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Lloyds Admits Shortcomings In Handling PPI Complaints

Posted on the 12 June 2013 by Adeyemiadisa @adeyemiadisa

Lloyds Admits Shortcomings In Handling PPI ComplaintsLloyds has admitted shortcomings in the handling of PPI complaints at a centre set up to deal with PPI mis-selling.

It comes as an undercover reporter at the Times said staff at one of the bank’s complaints handling centres had been taught to “play the system”.

The reporter said he was told to ignore possible fraud by Lloyds salesmen and that most complainants would give up if rejected the first time.

Lloyds said it had identified issues at the centre independently.

It added that it believed that some of the comments made to the reporter were “isolated” and were now being addressed.

The Times reporter said he was told that a job as a PPI complaint handler could be “morally difficult” and that they should effectively turn a blind eye to the risk of fraud.

Payment protection insurance (PPI) was designed to cover loan repayments for policyholders who became ill, had an accident or lost their jobs.

Yet it was mis-sold by banks on a massive scale to customers who did not want or need it.

Retraining

“Earlier this year we became aware of issues at a PPI complaints handling centre called Royal Mint Court in central London,” Lloyds said in a statement.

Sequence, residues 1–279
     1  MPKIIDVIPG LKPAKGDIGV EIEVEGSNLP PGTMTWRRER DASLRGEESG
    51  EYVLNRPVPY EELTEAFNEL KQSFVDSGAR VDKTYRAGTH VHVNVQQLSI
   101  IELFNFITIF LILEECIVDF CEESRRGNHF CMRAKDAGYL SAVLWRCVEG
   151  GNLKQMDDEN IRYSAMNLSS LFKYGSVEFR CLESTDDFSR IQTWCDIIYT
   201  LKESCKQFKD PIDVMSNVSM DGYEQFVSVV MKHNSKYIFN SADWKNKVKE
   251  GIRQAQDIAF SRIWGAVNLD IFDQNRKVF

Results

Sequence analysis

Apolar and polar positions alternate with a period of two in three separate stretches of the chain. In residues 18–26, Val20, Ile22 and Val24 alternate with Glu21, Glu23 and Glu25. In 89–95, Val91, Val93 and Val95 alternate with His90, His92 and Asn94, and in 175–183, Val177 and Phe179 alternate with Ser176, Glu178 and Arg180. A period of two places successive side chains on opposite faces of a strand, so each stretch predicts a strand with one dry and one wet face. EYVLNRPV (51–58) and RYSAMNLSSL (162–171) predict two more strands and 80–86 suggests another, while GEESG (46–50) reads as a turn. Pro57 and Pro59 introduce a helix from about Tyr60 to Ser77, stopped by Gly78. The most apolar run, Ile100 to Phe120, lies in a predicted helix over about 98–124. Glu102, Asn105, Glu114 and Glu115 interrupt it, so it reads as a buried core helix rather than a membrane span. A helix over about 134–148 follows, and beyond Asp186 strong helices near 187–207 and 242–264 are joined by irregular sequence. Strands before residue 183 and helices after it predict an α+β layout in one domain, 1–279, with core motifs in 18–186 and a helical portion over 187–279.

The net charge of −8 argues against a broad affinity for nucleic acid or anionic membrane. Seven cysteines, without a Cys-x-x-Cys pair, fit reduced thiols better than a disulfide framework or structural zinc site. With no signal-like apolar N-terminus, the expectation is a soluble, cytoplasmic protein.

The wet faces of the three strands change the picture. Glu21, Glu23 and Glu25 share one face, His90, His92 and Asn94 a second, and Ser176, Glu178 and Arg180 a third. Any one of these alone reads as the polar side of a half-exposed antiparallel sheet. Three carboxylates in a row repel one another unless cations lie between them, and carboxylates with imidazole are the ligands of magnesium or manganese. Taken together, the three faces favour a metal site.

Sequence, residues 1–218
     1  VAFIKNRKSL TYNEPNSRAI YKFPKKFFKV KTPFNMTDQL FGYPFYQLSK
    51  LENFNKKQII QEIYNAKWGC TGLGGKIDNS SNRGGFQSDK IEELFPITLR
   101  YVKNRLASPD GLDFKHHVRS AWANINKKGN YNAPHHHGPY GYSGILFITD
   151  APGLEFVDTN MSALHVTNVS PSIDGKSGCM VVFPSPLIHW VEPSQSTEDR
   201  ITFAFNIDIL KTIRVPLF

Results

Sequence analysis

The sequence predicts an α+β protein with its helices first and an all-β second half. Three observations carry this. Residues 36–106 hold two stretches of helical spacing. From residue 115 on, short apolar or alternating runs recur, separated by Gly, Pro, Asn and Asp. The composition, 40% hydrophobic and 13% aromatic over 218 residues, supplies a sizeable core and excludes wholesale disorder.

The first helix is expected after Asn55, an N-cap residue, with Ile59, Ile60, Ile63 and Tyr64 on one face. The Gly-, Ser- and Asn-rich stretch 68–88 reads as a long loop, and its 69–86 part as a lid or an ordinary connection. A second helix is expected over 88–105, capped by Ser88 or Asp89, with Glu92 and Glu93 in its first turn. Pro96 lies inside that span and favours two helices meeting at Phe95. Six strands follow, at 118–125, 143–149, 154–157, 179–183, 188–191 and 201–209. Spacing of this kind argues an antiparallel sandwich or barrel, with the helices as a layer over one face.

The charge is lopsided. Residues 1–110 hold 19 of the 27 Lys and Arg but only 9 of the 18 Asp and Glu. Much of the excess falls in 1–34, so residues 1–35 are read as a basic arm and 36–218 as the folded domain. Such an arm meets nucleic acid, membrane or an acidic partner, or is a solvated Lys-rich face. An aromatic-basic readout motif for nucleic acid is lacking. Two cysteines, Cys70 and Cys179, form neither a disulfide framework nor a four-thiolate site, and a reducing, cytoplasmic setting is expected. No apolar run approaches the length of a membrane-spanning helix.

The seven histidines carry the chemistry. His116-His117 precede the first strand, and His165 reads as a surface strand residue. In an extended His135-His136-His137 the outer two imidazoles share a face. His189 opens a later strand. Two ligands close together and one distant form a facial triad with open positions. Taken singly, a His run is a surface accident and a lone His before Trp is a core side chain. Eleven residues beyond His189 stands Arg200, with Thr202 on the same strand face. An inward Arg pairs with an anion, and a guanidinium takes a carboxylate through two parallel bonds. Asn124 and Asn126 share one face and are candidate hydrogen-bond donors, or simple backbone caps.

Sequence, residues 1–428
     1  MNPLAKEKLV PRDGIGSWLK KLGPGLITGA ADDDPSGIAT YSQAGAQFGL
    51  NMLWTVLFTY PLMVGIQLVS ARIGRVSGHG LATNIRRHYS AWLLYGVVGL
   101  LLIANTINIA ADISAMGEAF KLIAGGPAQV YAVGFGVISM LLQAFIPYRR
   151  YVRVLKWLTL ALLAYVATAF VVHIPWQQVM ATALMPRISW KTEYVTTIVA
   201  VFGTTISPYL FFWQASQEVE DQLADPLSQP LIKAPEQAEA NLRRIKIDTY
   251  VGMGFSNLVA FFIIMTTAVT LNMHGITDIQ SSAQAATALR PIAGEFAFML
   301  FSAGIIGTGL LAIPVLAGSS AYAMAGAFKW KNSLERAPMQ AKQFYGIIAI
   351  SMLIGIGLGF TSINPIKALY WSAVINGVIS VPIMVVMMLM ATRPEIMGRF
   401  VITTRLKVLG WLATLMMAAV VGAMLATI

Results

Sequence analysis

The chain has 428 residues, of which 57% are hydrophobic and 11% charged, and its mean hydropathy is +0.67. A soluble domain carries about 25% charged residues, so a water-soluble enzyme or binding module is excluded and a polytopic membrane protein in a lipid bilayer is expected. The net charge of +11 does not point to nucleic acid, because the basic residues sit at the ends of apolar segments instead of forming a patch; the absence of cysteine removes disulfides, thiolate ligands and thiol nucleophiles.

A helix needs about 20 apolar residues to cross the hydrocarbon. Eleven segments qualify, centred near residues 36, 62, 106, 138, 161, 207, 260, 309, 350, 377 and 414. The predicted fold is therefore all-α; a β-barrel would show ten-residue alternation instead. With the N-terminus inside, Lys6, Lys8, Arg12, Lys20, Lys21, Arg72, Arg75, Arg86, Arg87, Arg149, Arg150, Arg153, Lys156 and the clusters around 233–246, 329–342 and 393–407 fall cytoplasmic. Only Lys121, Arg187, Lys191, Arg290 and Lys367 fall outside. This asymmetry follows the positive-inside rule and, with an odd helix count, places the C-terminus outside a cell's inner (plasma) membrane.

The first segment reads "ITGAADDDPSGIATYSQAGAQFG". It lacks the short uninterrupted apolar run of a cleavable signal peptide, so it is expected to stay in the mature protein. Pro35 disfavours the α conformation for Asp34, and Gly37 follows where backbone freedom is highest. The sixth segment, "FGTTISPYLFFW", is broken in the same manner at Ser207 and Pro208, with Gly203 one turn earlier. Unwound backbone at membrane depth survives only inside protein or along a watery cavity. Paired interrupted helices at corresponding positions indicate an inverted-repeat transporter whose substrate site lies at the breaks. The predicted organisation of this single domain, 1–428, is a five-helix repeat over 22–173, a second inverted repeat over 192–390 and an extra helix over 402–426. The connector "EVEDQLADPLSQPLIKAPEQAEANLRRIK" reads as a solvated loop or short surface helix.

“This site was operated for us by a third party supplier, Deloitte. Following further investigations we took immediate action, and in May concluded our contract with Deloitte and moved to a new supplier.

“Some of the comments made by trainers to the Times reporter are not endorsed by Lloyds Banking Group and we believe they do not reflect our high training standards or our policies,” it continued.

“We believe the comments to be isolated and they are now being addressed. Following the discovery of these issues and under the guidance of a new supplier the employees are currently undergoing retraining in line with our policies and procedures.”

To date Lloyds has paid out £4.3bn to 1.3 million customers who were victims of the PPI mis-selling.

A spokeswoman for Deloitte said: “[Our] role was to process PPI mis-selling complaints from Lloyds Banking Group customers who were sold policies by the bank, in accordance with the bank’s policies and procedures.

“In processing claims in accordance with those bank policies and procedures, we provided a high level of service throughout the period.”

She added that the contract came to an end in May as Lloyds moved from three contractors to two – but that this was not the result of any shortcomings in the handling centre.

Deloitte also does some PPI work for Barclays, but a spokesman for the bank said that this involved back-office administrative tasks, rather than making decisions on PPI claims.

The Barclays spokesman added that there had been a review of Deloitte’s work, but no problems had been identified.

‘Clear warning sign’

BBC business editor Robert Peston said the allegations were “massively embarrassing” for Lloyds – especially as it had come in a week when MPs and Lords are finalising a report on how to improve standards in banking.

A spokesperson for the Financial Conduct Authority (FCA), which regulates banks, said: “We expect all firms to comply with our rules and treat their customers fairly.

Read more on BBC news website

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